Posts Tagged ‘Marginalisation’

MP Kapar mom passed away without getting citizenship

October 11th, 2012
|  Subscribe in a reader | Subscribe to by Email

Sad to hear the unfulfilled wishes of MP Kapar Manickavasagam’s mother. 56 years and still didn’t get citizenship.

At least my mother in law fared better, after trying for so long, will be getting her citizenship hopefully by next month.  She was born in Malaysia (but lived in India for a short while), married a Malaysian school teacher, and all her kids are Malaysians. She applied during MyDaftar again, but surprisingly, her name  was missing in the successful applicants list. After checking with NRD, it seems like some documents were lost in translation and we did not get the letter. Anyway, all issues settled and hope to hear good news soon.  And yeah, while should thank NRD and MyDaftar campaign, the resentment is still there on why it took so long and special program to settle it.

S Manickavasagam (PKR-Kapar) today put a human face to a long-standing issue by sharing with the Dewan Rakyat how his mother died without a Malaysian citizenship after 56 years of waiting.

He said that despite migrating from India to the Federated Malay States before 1957, she died last year only a permanent resident.

“I am an MP and I brought her to Putrajaya several times, and yet they didn’t give her an identity card.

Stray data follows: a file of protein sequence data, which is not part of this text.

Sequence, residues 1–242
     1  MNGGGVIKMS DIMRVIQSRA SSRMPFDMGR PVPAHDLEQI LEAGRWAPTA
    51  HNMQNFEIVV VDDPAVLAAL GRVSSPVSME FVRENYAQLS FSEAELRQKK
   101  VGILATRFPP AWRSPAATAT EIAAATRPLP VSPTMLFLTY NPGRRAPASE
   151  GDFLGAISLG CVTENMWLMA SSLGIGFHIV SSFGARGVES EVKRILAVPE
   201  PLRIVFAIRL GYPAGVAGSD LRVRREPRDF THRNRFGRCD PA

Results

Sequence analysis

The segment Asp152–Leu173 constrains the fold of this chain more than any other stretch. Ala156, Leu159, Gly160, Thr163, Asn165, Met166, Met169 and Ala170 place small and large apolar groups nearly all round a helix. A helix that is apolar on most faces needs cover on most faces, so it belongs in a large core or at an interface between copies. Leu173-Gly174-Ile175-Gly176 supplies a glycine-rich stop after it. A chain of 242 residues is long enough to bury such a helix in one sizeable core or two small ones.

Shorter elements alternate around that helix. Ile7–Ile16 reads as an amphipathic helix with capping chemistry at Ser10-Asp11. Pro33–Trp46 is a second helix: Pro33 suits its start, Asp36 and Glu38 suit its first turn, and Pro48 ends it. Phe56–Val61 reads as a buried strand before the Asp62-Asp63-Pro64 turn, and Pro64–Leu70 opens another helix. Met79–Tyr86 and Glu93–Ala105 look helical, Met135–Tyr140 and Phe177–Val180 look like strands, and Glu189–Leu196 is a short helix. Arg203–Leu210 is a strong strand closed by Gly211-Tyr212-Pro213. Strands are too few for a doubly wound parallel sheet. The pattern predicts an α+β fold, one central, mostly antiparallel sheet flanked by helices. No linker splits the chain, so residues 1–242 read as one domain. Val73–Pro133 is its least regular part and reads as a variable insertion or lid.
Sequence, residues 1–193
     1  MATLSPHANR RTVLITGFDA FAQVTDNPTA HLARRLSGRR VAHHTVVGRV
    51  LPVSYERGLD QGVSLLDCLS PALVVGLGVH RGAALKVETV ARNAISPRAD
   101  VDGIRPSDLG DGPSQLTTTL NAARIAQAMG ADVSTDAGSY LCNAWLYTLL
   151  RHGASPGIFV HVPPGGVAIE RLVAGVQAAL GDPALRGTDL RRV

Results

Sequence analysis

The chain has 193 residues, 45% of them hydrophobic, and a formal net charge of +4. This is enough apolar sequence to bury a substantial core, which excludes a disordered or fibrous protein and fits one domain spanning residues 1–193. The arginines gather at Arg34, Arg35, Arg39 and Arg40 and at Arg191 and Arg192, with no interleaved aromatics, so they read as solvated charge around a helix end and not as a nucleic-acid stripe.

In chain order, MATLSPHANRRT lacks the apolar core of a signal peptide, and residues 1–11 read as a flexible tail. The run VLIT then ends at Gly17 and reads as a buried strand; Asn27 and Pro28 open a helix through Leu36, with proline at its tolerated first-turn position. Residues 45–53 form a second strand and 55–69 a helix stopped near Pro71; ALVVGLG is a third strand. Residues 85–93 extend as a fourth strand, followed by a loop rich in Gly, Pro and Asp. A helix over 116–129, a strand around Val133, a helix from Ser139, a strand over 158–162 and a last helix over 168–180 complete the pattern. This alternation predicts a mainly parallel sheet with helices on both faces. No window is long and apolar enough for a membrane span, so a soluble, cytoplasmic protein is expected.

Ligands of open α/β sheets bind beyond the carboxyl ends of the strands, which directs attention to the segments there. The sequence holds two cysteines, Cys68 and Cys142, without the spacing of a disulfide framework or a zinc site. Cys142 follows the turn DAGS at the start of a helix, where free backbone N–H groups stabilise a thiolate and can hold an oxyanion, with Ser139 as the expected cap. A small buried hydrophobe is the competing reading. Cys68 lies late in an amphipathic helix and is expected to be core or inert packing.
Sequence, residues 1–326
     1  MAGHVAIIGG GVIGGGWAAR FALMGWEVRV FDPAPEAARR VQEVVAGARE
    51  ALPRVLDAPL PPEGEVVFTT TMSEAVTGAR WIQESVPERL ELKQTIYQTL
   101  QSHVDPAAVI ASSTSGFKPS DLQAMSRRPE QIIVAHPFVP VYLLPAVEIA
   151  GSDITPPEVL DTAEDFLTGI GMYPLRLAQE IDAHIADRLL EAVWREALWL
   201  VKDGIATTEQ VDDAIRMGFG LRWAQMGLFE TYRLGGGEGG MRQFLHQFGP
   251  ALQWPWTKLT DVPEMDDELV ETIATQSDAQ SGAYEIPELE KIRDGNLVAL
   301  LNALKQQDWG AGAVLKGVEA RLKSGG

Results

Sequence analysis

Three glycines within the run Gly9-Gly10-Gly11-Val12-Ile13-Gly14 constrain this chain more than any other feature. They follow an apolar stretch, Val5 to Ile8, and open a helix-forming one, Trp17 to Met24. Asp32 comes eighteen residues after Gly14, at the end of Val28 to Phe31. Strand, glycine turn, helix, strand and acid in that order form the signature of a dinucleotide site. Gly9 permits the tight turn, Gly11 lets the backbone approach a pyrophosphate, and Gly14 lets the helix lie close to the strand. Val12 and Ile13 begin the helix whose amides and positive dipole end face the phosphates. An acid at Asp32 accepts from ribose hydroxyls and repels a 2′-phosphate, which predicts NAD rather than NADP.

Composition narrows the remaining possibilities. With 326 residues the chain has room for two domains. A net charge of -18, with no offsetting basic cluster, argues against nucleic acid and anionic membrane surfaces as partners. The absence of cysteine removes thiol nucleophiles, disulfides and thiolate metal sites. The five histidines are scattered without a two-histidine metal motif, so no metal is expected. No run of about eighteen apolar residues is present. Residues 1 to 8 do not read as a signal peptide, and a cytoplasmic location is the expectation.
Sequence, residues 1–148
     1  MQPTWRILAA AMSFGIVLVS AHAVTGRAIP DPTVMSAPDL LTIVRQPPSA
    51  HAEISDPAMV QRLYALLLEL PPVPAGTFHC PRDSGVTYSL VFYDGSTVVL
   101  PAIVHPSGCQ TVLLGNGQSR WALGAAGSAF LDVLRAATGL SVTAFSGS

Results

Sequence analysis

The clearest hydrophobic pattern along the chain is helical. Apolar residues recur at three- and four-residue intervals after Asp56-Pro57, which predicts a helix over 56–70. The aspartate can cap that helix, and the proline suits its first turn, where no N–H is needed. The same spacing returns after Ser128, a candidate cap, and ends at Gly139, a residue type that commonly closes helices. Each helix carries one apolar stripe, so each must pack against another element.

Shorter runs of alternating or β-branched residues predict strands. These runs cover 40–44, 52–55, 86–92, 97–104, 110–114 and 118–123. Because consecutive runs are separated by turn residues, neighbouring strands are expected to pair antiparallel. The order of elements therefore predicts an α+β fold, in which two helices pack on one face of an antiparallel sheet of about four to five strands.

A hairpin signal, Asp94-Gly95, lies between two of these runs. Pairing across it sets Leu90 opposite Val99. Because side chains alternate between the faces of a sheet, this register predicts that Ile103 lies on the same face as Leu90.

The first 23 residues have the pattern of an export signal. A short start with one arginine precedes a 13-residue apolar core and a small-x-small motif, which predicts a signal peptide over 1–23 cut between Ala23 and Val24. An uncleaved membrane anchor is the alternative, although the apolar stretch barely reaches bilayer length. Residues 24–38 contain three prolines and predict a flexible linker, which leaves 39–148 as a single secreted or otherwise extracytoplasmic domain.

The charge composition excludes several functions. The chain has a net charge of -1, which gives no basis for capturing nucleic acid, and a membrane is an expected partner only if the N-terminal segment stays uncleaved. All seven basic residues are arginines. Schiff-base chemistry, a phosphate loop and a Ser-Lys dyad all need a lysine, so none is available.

“She was able to sing Negaraku, (speak) fluent Bahasa Malaysia and even English. Why?” he said while debating the budget.

According to the National Registration Department website, a holder of the red identity card is a permanent resident while a blue identity card denotes that the holder is a citizen.

His Sabak Bernam born mother-in-law, too, is facing the same conundrum and has also waited 56 years for her citizenship.

“I also did a search and found Tan Kim, aged 77 and born in Pahang who is still waiting for her identity card,” he added.

This, Manickavasagam (above) said, is despite 42,493 people awarded citizenships from 2008 to Mar 2, 2012.

Citing a written reply to him by Home Minister Hishammuddin Hussein, he said as of Feb 29, there are 225,222 people who hold Malaysian permanent residency.

Of this, 162,233 are Indonesians, 35,856 are Filipinos, 8,950 Thais, 4,412 Cambodians and 13,771 are from other countries.